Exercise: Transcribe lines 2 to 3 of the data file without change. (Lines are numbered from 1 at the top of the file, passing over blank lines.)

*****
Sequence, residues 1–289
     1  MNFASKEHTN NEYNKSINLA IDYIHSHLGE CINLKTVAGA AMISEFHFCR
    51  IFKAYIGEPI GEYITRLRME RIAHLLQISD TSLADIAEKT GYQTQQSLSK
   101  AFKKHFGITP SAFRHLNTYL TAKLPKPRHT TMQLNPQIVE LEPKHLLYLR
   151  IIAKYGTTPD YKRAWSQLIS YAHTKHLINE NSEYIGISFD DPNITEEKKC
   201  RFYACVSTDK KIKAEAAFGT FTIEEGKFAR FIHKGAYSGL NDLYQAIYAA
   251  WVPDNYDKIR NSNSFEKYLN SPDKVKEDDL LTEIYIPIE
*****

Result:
     1  MNFASKEHTN NEYNKSINLA IDYIHSHLGE CINLKTVAGA AMISEFHFCR
    51  IFKAYIGEPI GEYITRLRME RIAHLLQISD TSLADIAEKT GYQTQQSLSK